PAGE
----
In the 1950s, cutaways became a popular way to depict buildings with complex interiors. This drawing shows the progressive stages of ice cream production, from tanks of liquid ingredients to packaging and shipping. (Source: sciteckinfo.com)
Agreed with you Naperlou either the factories are very impressive or very blase I remember once in my childhood my school make me visited one of the candy factory and that factory was really very neat and clean it looked a if I have entered into a dream but the very next month when we visited one of the snack factory that factory has oil all around leaking from the machines and stuff so the condition of thefactory depends upon the product that is being manufactured on which scale the factory is operating as well.
Yes, that was a good post, Chuck. We'll see a less dreary view of factories depicted in film in an upcoming post. While some film factories are downright fun (Willy Wonka, Modern Times), even the dark ones are exciting (Terminator Salvation, Star Wars II Attack of the Clones).
I love seeing these images of factories. When I was growing up in the '50s and '60s, my dad was a public relations man for a factory that made steel kitchen cabinets, and then for a steel company. Those lines of big machines cranking away purposefully in huge high-ceilinged buildings had a profound impression on me, and no doubt led me to becoming an engineer.
I found picture 12, by Martin Deschambault, to be the sort of muscular and heroic view of steelmaking that I remember from the brochures, magazines and even movies my dad helped create. It IS interesting that there are no people in the picture, though. Steelmaking will always bring to mind a movie scene of hard-hatted men throwing bags of material into a blast furnace, silouhetted against the bright glow of molten steel.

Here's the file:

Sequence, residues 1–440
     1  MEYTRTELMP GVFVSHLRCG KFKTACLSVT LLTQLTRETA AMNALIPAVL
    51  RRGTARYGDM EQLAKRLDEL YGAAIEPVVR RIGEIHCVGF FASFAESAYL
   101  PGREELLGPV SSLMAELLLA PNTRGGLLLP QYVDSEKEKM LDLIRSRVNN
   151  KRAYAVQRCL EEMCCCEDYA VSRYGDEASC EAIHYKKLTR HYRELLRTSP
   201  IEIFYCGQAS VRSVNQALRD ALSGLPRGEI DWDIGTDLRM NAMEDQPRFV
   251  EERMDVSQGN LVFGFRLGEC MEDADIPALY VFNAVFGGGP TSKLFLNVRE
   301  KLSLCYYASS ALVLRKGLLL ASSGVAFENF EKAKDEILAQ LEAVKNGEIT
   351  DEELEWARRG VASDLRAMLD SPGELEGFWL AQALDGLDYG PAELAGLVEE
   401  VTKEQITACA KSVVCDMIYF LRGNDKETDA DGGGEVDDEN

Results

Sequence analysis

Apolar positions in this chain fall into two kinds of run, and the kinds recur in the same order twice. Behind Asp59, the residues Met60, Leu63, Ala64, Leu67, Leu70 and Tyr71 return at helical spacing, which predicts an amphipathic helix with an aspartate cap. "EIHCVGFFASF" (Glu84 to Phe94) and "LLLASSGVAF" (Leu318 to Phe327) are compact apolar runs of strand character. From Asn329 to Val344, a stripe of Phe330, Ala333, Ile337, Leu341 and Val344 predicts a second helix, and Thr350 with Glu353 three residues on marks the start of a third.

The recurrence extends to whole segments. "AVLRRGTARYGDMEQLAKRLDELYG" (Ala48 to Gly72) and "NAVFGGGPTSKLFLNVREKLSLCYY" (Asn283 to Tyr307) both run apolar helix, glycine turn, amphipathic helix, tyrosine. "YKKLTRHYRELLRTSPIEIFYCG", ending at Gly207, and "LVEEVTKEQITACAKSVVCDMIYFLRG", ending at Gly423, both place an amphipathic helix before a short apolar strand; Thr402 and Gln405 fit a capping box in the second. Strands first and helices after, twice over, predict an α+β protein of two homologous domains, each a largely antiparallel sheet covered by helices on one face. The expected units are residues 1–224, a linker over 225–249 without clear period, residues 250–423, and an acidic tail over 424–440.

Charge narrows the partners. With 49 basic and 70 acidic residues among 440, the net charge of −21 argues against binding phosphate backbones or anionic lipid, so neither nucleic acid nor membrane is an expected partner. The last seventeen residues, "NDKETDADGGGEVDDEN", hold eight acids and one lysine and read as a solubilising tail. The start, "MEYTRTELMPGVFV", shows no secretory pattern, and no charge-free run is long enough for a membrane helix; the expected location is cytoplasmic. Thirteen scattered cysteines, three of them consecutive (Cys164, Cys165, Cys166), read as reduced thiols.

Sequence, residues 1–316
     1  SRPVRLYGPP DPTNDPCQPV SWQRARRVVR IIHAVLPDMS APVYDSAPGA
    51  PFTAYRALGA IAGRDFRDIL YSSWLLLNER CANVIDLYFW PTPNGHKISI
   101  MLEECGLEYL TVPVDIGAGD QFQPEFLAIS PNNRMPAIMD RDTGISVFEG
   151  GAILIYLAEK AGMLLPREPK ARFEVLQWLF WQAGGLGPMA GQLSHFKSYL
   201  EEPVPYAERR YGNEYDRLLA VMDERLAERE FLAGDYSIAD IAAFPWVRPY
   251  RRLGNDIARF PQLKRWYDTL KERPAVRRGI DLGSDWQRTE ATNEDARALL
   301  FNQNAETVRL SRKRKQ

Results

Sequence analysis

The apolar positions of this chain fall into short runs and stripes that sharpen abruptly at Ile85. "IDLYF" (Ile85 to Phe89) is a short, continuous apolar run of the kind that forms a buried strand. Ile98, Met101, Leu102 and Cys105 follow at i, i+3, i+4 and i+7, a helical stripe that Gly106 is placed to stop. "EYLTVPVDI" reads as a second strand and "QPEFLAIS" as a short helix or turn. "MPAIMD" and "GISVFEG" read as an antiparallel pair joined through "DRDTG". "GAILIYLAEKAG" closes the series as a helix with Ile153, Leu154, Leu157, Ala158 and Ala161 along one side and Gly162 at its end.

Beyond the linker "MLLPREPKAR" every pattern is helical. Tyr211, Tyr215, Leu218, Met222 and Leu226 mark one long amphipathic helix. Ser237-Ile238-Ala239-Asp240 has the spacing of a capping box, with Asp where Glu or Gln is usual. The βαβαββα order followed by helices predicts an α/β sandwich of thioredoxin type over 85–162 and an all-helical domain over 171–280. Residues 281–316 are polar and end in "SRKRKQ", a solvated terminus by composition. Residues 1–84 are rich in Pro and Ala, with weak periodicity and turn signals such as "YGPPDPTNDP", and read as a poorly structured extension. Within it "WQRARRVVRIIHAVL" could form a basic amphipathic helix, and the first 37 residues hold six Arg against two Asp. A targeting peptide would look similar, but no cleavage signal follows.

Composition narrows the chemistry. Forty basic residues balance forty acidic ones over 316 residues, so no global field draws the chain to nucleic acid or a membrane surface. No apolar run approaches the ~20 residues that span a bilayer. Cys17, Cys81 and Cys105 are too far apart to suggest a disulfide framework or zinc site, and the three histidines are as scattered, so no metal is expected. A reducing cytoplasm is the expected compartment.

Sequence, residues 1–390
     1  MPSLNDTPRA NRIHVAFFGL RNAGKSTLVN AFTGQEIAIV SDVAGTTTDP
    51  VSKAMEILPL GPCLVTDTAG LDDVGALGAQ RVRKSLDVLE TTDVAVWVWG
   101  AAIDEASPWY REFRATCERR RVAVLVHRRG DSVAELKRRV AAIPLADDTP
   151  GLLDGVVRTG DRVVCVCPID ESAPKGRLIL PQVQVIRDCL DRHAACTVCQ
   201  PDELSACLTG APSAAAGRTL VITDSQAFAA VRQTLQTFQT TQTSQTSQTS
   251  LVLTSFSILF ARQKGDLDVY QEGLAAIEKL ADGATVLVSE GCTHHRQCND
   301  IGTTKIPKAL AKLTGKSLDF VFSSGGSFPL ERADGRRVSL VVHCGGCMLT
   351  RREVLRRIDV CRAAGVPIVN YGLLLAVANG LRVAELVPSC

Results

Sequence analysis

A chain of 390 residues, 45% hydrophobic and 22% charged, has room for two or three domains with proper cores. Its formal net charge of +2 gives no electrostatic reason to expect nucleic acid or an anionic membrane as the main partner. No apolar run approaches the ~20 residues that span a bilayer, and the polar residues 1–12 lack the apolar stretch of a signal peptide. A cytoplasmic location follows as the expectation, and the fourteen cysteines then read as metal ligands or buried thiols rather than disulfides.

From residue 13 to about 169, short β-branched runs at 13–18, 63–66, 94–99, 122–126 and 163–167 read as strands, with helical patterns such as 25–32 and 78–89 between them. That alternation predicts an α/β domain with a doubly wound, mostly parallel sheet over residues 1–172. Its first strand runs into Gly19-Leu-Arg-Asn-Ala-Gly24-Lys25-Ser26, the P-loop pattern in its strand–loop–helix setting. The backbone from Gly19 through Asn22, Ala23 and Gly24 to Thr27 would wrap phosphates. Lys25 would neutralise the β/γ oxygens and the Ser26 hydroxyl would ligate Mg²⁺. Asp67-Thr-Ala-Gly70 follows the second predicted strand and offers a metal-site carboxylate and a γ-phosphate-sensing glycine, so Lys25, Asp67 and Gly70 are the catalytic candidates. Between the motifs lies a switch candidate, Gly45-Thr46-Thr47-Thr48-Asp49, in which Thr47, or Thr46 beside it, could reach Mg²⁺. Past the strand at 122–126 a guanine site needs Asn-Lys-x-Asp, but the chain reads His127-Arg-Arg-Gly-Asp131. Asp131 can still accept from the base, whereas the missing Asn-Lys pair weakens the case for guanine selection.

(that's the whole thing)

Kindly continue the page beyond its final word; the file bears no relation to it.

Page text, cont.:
Me, I went into nice safe, clean and quiet electronics!
You're right about that, Cabe. Those cutaways had a run in the 1960s. This one tells a story of production from start to finish. You're right, there's no reason to do these in a world on CAD. However, they were great one-takes.
You're right, Chuck. Dreary is the word. The next slideshow will feature factories depicted in the movies. Film has generally been kinder to factories. They tend to be funny (Lucy and thre chocolates, Willy Wonka, Modern Times) or futuristic (Star Wars Drone Factory, Terminator).
If you didn't realize that PowerPoint presentations are inherently hilarious, you have to see Don McMillan take one apart. McMillan -- aka the Technically Funny Comic -- worked for 10 years as an engineer before he switched to stand-up comedy.
The first Tacoma Narrows Bridge was a Washington State suspension bridge that opened in 1940 and spanned the Tacoma Narrows strait of Puget Sound between Tacoma and the Kitsap Peninsula. It opened to traffic on July 1, 1940, and dramatically collapsed into Puget Sound on November 7, just four months after it opened.
Noting that we now live in an era of “confusion and ill-conceived stuff,” Ammunition design studio founder Robert Brunner, speaking at Gigaom Roadmap, said that by adding connectivity to everything and its mother, we aren't necessarily doing ourselves any favors, with many ‘things’ just fine in their unconnected state.
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